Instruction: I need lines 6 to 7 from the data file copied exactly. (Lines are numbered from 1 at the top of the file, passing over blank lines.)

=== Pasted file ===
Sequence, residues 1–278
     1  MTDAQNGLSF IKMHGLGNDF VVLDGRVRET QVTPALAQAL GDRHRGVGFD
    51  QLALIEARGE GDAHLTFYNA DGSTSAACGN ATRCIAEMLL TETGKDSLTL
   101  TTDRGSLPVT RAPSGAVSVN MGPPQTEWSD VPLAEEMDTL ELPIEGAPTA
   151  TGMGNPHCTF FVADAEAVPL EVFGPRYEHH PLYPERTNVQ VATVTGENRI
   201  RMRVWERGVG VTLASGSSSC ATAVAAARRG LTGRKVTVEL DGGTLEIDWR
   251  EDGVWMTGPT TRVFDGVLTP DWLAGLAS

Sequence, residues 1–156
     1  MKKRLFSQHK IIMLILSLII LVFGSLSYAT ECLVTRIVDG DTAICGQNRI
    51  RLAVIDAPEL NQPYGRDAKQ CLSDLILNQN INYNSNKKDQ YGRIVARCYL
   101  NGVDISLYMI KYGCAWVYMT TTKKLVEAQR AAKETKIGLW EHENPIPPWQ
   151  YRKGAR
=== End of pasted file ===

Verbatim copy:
   201  RMRVWERGVG VTLASGSSSC ATAVAAARRG LTGRKVTVEL DGGTLEIDWR
   251  EDGVWMTGPT TRVFDGVLTP DWLAGLAS